MIA: Encyclopedia of Marxism: Glossary of People



Dobrolyubov, Nikolai (1836-1861)

Russian journalist, critic and revolutionary activist.

Farrell Dobbs


Dobbs, Farrell (1907-1983)

American Trotskyist, best identified as a leader of the SWP (US) and a central figure in the Minneapolis Teamsters Strike of 1934. Dobbs was radicalized during the Depression and became a militant union leader as a coal worker in Minneapolis, MN. He remained active in union struggles as an elected teamster local official and then as the trade union director for the SWP, which he discussed with Trotsky in Mexico. Dobbs, along with several others were convicted and served a prison term under the Smith Act in 1941. He was editor of The Militant for a period and also an SWP candidate for presidency in 1948,'52, '56 and '60. He also authored a four part series [Teamster Rebellion, Teamster Power, Temster Politics and Teamster Bureacracy, Pathfinder Press, New York] on the history of the 1934 Minneapolis Teamster Strikes and subsequent Teamster organizing drives throughout the mid-west of the United States remain a handbook for Communist trade union work to this day.


Dollinger, Genora Johnson (1913-1995)

Genora Dollinger became a socialist as a youth and was militantly active in the U.S. Socialist Party and Socialist Workers Party as an organizer and as a candidate for public office in the 40s and 50s. She is most remembered for her instrumental role in organizing women in the U.S. auto industry, especially the successful Flint sit-down strike of 1936-1937. The Flint strike is recognized as a key battle in the drive for industrial unionism following the class struggle resulting from the depression. Her recollections in Striking Flint chronicle the specifics and context of the event.


Doriot, Jacques (1888-1940s)

French communist turned fascist. Expelled from the French Communist Party. Supporter of Hitler. Believed to have been killed during WWII in Germany.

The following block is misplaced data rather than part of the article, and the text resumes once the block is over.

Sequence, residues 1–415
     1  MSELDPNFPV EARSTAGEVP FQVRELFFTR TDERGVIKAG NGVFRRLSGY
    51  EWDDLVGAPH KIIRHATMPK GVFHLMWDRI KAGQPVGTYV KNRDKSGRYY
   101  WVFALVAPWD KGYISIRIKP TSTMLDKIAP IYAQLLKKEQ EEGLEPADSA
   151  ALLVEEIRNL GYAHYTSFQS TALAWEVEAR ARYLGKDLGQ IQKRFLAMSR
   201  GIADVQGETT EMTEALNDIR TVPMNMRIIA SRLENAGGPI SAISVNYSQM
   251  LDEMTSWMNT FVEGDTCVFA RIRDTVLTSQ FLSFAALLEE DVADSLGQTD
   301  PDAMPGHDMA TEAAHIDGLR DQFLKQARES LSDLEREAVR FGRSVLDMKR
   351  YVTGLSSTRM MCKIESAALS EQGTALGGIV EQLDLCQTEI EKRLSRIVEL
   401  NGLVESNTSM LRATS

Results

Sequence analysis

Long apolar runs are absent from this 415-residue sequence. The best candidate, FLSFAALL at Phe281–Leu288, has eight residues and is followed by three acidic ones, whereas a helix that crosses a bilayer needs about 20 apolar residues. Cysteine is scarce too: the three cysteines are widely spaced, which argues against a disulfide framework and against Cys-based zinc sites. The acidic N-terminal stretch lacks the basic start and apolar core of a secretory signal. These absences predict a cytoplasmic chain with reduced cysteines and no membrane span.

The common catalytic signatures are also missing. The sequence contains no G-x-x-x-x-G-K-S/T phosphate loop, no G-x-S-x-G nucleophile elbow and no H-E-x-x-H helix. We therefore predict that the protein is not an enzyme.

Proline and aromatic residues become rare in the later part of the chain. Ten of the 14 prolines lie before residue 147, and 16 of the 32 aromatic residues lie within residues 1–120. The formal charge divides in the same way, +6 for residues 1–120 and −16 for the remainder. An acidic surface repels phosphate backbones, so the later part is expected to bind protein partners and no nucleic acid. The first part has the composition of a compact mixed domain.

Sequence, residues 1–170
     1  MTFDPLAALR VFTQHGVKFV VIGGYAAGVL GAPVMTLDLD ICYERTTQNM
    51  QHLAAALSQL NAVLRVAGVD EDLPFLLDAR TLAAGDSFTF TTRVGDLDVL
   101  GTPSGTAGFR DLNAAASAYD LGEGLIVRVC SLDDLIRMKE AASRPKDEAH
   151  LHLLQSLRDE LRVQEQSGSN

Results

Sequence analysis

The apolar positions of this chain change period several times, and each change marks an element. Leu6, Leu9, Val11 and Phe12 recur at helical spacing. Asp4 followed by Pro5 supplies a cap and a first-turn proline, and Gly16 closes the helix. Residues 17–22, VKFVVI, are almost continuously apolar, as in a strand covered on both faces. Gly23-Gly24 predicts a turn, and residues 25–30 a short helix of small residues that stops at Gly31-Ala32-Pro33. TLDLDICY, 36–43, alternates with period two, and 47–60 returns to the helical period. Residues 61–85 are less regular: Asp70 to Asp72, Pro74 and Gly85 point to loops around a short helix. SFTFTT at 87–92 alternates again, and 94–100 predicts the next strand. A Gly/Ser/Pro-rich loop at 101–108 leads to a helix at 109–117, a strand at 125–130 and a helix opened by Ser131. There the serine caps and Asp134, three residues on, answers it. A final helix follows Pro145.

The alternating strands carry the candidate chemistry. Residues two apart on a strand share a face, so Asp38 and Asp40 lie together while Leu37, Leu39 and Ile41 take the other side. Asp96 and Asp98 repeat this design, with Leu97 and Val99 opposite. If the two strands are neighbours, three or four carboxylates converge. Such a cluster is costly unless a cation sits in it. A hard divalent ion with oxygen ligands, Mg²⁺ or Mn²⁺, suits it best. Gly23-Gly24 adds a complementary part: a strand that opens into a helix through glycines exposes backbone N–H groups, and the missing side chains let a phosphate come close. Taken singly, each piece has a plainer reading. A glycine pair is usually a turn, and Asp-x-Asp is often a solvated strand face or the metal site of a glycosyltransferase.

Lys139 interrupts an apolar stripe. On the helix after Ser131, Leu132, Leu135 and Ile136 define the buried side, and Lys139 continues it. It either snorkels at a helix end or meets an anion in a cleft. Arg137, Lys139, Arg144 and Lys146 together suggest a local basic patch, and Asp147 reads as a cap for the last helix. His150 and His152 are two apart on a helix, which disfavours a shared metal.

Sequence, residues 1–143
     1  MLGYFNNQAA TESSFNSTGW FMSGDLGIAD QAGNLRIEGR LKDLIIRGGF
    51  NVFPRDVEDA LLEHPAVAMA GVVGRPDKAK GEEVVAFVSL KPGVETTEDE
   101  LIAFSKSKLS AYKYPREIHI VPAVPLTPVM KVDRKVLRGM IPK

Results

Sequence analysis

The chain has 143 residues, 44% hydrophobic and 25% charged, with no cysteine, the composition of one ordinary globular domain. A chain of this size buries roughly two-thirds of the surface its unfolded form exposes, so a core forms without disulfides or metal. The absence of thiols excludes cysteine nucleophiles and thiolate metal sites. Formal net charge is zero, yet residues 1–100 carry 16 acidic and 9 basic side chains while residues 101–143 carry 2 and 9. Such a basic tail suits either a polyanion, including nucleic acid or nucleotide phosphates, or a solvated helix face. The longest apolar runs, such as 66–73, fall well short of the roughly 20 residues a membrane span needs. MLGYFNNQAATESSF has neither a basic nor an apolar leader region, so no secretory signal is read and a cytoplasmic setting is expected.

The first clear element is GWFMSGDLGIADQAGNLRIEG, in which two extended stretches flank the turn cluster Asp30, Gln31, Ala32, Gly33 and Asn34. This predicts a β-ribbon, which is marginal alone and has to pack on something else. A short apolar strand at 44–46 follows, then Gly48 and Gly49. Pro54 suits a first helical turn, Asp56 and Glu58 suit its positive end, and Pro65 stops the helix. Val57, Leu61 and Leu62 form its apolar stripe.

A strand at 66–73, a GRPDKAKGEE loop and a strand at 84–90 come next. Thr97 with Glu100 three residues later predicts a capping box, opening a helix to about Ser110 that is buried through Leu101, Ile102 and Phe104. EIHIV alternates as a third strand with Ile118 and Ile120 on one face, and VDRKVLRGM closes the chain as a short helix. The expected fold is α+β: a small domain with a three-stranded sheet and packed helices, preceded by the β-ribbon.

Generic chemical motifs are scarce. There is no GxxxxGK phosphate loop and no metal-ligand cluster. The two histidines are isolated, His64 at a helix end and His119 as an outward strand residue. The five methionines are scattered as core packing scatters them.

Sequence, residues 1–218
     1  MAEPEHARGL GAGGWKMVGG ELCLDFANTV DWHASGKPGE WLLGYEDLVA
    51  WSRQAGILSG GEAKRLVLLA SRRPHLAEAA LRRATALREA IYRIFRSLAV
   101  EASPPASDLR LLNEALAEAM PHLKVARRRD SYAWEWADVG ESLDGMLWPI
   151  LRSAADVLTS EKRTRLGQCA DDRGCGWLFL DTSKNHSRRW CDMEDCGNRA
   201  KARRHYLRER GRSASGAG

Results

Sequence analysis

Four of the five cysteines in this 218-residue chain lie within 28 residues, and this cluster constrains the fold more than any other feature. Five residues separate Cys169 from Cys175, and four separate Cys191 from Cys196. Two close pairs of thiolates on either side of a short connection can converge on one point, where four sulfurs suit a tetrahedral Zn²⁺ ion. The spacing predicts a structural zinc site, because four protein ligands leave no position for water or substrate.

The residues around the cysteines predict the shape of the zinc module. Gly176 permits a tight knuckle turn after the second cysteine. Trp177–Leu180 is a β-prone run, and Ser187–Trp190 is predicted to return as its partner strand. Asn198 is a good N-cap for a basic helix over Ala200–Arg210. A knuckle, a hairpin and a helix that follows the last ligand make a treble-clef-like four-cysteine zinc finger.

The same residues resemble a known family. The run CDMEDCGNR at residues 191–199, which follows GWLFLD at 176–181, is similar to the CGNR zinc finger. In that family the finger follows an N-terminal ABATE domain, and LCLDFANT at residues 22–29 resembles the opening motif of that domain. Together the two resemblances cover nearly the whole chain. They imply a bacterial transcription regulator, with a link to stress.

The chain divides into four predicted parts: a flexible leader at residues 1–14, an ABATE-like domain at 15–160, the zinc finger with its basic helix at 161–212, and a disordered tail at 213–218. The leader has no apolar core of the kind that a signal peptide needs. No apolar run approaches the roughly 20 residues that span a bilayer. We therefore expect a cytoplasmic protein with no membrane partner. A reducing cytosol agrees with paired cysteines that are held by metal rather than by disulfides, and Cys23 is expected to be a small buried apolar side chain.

Dorrenbach, Heinrich (1888–1919) .

Office worker, Social Democrat, secretary of association of office workers in the Rhineland in 1910. Volunteered for army in 1914, became second lieutenant. Reduced to ranks and discharged in 1917, active in strikes of January 1918. In November, tried to organise Red Guard, and then took command of People’s Naval Division. Associated with Liebknecht, advocated insurrection in January 1919, and was disavowed by the sailors. Took refuge in Brunswick where he barely escaped capture by the Free Corps; arrested in Eisenach, killed ‘whilst trying to escape’.


Dönniges, Helene von (1845-1911)

Daughter of the Franz von Dönniges. Ferdinand Lassalle was killed in a duel to gain her hand in marriage.


Dowson, Ross

Born September 4, 1917; died February 17, 2002.

Born into a working class Toronto family, the third of seven children. His father was a printer of anarchist sympathies, who encouraged his children to think for themselves. As a teenager he formed a Spartacus club and attended Trotskyist meetings and Cooperative Commonwealth Federation (social democratic) meetings.

He helped lead the Canadian Trotskyist movement in 1939 and the post-war period. He maintained close links with the Socialist Workers' Party in the US and the United Secretariat of the Fourth International. The Fair Play for Cuba Committee, the anti-Vietnam War movement and abortion rights for women were important political priorities in the 1960s and 70s.

In 1979, the Royal Canadian Mounted Police (RCMP) admitted to having distributed reports of Dowson's mental instability, to discredit him with his followers. His seven-year law-suit against the RCMP, although legally unsuccessful, is studied in the course work of some Canadian law schools.

In 1988 he suffered a stroke and was hospitalized for the remainder of his life.

Alastair Campbell